Monday, November 9, 2020

A temple for protection and well-being of the nation

In the early 8th century, Japan was going through many difficulties including a long drought, rampant thievery, political turmoil, and above all, the smallpox epidemic brought in from the continent, which reduced more than one third of population.  The 45th Emperor Shomu, a devout Buddhist, decided to unite the nation through Buddhist faith. Todai-ji (UNESCO World Heritage) was founded as the Central State Temple in 752, together with a state temple and a state nunnery in every one of the 66 provinces.

People were so sparse on June 17th, 2020.

The structure above is Nandai-mon Gate, or Great South Gate, National Treasure, rebuilt in 1203.  The 8th century original was destroyed by a typhoon in 962. It is the largest wooden temple gate suitable in scale to the existing largest wooden structure in the world, Todai-ji Buddha Hall (National Treasure) where Vairocana Buddha is enshrined.  The construction is based on timber-frame joinery, composed of several different pieces of timber. Each piece is dovetailed. It reflects Chinese Sung style architecture, a double roofed, one-story structure with no ceilings. 

Great South Gate, Inner Gate, Buddha Hall, and Lecture Hall (now ruins) stand straight on a central line of the precincts from south to north.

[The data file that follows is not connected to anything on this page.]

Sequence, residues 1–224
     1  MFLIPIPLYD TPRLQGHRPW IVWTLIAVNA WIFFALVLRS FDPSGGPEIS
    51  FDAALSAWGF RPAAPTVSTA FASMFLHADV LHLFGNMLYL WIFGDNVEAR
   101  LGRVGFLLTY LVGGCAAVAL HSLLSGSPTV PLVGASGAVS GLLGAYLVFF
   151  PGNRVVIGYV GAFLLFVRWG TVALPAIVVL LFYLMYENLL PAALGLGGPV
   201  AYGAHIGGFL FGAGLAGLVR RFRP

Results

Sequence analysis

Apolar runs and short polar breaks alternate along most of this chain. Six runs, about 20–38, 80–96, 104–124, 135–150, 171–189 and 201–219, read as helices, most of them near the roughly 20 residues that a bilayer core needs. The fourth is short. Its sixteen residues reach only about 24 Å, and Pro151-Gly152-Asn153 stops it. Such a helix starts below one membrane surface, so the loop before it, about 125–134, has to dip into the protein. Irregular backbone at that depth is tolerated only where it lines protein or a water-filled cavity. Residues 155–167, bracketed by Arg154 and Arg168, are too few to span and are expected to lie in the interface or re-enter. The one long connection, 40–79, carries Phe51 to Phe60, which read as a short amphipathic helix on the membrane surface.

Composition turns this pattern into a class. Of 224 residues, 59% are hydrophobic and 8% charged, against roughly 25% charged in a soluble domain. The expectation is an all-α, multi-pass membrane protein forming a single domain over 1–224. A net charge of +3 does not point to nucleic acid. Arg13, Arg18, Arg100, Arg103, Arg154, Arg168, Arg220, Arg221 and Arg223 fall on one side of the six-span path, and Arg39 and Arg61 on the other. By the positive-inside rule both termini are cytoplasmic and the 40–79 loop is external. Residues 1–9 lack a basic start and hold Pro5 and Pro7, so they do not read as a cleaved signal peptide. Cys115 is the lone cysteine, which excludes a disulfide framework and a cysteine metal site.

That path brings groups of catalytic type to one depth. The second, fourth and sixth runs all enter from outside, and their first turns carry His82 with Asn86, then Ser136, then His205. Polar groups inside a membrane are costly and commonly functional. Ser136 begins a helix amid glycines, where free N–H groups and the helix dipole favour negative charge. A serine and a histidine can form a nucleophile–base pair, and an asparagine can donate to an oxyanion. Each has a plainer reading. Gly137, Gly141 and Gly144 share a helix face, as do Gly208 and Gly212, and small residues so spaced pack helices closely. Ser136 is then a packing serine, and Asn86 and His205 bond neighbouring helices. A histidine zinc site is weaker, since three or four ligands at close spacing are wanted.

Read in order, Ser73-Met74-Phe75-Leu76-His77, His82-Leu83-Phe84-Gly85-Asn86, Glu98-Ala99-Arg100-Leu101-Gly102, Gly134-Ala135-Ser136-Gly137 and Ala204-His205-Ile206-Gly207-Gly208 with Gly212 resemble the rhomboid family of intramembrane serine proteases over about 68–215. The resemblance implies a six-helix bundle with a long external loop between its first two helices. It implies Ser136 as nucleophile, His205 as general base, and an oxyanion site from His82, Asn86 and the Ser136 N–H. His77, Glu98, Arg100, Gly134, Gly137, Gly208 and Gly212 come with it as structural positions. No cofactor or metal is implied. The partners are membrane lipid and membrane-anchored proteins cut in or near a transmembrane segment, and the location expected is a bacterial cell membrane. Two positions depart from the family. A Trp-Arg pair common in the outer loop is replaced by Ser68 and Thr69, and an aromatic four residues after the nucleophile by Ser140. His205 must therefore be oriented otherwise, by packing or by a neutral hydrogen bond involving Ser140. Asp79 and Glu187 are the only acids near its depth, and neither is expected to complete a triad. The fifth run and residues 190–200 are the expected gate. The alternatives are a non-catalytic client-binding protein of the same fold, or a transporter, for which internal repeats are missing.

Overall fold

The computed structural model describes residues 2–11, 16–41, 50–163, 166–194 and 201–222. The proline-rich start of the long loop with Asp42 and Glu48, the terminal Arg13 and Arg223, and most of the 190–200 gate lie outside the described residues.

Buddha Hall seen through the Inner Gate

The current Buddha Hall was rebuilt in 1709.  Due to a shortage of funds and materials, the size was reduced to two-thirds of the original width, and an arch-style gable was added.


Back of the Buddha Hall is relics of Lecture Hall, where only foundation stones remain.

Lichen on the foundation stones, October 31st, 2020

Chinese Tallow leaves at the relics of Lecture Hall, October 31st

At one time, there were more than 100 buildings in the precincts of Todai-ji.  During the civil wars of the 12th and 16th centuries, almost all the buildings were destroyed by fire. After a fire in 1567, the Great Buddha sat in the open air for 140 years.  Only Sangatsu-do Hall, Shoso-in Repository, and Tegai-mon Gate have long survived since 8th Century. Over the years, Nigatsu-do Hall, Great Buddha Hall, Nandai-mon Gate, Belfry, etc, were reconstructed.

Since its foundation time, Todai-ji was not only a center for rituals of the nation but also a center for scholar monks to learn Buddhism beyond different schools. After Meiji Restoration, temples had to choose. Todai-ji chose Kegon.

The Kegon text says that the songs of birds, the colors of flowers, the flowing of water and the forms of clouds, are all the Vairocana Buddha's teachings, serving as divine inspiration to all living beings. 

According to one of the monks, "ke" of "ke-gon" means "flower".  "Each of us has a seed within us. Buddha is the one who has grown the seed to flower beautifully. What we are supposed to do is only to do our best to grow a seed into a flower. " 

Todai-ji Buddha Hall seen from Kasugano Park, Aprio, 2019

Kagami-ike Pond in front of Middle Gate, August, 2016

Japanese maples changing colors over the wall of Kaizan-do Hall (Founder's Hall), November, 2017

Entrance to the spacious precincts of Todai-ji is free of charge except entrance to the Great Buddha Hall.  It has its own beauty in each season. You can go any time even at midnight if only you can brave the pitch dark.  Under the circumstances, many people would have difficulty to come. When it gets possible, have a good time.